Predicting Retail Store Department Sales using XpredictR

February 13, 2015

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Domain : Retail Forecasting The experiment demonstrates how to predict the store sales for a retail store.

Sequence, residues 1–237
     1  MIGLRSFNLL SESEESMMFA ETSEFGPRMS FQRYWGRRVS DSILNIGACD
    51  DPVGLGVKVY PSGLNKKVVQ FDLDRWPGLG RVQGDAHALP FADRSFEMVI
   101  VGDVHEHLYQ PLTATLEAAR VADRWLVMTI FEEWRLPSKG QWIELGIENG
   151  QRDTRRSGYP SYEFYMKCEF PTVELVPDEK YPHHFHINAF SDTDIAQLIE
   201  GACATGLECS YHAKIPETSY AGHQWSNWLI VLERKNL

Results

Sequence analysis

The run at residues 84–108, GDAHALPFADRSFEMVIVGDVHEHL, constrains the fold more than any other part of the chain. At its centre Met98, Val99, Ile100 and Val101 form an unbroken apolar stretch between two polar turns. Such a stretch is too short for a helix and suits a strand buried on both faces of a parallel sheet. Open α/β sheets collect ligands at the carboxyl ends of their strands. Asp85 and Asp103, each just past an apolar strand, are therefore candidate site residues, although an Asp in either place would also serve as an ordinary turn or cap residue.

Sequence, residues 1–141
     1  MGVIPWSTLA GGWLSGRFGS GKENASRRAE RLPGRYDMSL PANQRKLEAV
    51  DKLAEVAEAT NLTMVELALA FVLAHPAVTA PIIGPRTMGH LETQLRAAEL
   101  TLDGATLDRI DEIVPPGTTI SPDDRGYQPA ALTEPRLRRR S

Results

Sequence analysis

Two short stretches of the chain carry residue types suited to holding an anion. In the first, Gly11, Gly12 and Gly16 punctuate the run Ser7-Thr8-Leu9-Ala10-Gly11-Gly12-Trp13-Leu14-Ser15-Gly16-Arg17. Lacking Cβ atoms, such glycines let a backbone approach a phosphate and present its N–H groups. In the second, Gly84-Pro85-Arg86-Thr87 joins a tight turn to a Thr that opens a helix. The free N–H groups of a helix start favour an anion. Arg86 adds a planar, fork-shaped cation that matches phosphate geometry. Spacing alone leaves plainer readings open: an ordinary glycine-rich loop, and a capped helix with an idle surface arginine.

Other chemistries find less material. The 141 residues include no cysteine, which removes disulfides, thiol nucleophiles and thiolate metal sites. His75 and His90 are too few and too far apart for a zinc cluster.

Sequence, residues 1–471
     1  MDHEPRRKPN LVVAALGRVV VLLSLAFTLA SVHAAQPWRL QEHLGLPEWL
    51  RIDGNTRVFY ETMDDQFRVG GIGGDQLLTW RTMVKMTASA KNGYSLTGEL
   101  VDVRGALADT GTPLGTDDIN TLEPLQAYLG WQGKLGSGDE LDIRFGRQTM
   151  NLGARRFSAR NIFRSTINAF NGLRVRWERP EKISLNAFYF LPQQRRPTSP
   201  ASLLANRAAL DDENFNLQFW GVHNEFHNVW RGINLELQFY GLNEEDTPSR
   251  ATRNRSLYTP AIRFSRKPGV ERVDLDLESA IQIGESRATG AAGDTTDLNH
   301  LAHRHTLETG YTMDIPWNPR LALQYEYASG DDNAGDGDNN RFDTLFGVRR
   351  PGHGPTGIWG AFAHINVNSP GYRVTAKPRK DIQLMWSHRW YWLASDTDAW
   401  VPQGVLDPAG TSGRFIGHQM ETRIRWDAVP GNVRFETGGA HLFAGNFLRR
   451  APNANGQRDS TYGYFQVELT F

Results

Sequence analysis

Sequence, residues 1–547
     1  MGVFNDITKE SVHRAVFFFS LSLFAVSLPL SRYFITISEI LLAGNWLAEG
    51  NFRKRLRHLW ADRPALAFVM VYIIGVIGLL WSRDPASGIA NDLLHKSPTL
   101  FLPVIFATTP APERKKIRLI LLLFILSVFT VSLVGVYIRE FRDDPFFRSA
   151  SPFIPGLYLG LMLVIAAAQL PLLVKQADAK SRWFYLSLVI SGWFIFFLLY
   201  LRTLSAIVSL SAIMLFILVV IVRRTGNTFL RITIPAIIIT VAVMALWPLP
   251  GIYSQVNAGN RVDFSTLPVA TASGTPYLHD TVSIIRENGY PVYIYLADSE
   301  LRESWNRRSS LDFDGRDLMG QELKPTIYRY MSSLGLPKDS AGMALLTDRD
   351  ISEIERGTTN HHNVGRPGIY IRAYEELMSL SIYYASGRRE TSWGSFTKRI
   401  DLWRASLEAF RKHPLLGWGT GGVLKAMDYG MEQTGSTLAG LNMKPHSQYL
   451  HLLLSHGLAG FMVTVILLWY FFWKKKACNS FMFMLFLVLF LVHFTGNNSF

Description Understand and evaluating retail segment using Machine learning is still at rookie stage to address and train for consumer behavior analysis. This sample demonstrates how store sales are indirectly affected due to certain attributes/features that are related to the retail customer world. Dataset The dataset has various features such as temperature, store locations, consumer price Index, product types etc. One can determine how weather patterns, fuel price patterns, holidays and unemployability can impact sales. Similar datasets are available over web and kaggle competitions such as https://www.kaggle.com/c/walmart-recruiting-store-sales-forecasting/data Data Processing Upon analysis, one of the most suitable ways to segment the dataset was to divide it along the lines of departments. To help AzureML do seasonal analysis, the date-time attributes were converted to a simpler format along with number of days since first day and number of current weeks etc. The historic sales around the current weeks were added and the regression slope for that particular store-department combo was calculated. The Normalized values derived were used with attributes such as fuel price, temperature etc. to implement categorization wherever it helped to improve results. Training the Model Training was done using the Boosted Decision Tree algorithm and the number of samples for a single node were less due to data insufficiency. The number of leaves are 700. Choosing the Algorithm We had a host of algorithms to choose from, ranging from linear-based algorithms to neural-networks. We found that linear algorithms didn't give good results as well, as it seemed the data was too complex to be addressed by them. We found that Boosted Decision Tree was giving the best results amongst random and boosted trees. There was a problem that we had faced while modeling using Boosted Decision Trees, we found that it was unable to handle exceptions well. So suppose on a particular day, maybe in the holiday season, the sales go higher than normal or it goes outside the boundaries of the training dataset, our models don’t give good results even if the pattern is there. It tends to predict within the boundary usually!